• CDC has published guidelines for obstetricians regarding Zika virus and says that pregnant women who travel to an affected area and who report two or more symptoms consistent with the Zika virus should be tested.
  • The CDC says that expectant women who test positive for Zika should be monitored with regular ultrasounds and referred to a specialist to follow the development and anatomy of the fetus.
  • The CDC has also released recommendations regarding the testing of newborns whose mothers may have been exposed to the Zika virus during pregnancy. In some cases, testing of the infant is urged, even if microcephaly is not present, to determine whether the baby should be monitored for other potential birth defects, such as hearing loss and impaired vision.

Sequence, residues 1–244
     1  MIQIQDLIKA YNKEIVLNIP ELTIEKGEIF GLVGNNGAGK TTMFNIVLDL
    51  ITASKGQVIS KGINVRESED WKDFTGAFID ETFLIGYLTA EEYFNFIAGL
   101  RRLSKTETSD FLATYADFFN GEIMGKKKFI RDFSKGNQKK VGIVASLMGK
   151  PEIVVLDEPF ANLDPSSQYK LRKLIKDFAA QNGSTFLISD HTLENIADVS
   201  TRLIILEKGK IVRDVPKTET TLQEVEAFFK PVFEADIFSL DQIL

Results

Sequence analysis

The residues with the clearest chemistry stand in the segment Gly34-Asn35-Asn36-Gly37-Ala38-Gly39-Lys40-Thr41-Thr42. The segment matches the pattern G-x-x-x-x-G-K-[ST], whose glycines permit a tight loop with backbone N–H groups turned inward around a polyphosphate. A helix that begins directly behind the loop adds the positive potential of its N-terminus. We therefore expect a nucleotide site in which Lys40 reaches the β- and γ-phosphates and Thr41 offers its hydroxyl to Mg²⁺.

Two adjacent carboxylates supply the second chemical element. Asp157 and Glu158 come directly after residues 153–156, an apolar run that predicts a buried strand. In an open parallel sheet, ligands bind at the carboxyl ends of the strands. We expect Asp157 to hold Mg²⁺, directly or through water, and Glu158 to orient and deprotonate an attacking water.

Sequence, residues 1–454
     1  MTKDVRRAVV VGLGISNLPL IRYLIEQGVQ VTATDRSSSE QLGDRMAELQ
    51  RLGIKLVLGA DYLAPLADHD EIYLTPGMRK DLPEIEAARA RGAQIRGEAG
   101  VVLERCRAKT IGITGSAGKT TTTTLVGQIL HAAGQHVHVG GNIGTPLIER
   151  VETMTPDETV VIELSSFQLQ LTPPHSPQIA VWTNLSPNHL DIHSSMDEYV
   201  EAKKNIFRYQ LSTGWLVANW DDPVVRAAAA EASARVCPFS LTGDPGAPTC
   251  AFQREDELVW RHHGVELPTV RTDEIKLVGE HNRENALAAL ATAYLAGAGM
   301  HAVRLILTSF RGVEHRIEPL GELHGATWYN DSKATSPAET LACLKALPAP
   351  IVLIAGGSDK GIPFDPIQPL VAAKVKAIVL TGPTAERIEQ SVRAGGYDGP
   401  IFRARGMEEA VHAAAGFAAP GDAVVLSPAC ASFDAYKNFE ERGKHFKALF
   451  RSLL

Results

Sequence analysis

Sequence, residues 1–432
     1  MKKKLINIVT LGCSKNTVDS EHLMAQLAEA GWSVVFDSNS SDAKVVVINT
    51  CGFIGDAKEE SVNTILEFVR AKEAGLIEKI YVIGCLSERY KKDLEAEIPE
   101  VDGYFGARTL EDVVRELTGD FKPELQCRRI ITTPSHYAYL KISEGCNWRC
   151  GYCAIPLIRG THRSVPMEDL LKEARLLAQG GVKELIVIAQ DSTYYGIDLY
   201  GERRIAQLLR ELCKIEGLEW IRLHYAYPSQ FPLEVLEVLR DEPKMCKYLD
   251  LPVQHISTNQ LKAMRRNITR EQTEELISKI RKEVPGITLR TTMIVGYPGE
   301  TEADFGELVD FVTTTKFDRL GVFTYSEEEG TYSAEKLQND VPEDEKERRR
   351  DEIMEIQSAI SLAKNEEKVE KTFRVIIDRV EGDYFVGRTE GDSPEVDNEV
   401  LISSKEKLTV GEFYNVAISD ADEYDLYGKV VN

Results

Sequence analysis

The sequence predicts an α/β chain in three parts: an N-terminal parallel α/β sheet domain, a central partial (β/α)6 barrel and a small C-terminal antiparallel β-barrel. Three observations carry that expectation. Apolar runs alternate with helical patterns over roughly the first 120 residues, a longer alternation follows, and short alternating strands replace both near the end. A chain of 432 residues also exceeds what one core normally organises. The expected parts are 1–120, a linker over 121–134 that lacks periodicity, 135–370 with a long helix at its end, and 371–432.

Will there be a vaccine?

  • A vaccine is currently in development by US and Canadian scientists and could be available for emergency use as early as the end of the year.

Other developments

  • Canadian Blood Services says it will refuse donations from travellers to areas where the Zika virus has become widespread, even though the risk of transmitting the virus through blood transfusion is low.
  • Several Canadian airlines, including Air Canada and WestJet, say they will let travellers reschedule bookings or obtain refunds for cancelled flights in light of Zika concerns. This comes after American and United Airlines in the US made similar announcements.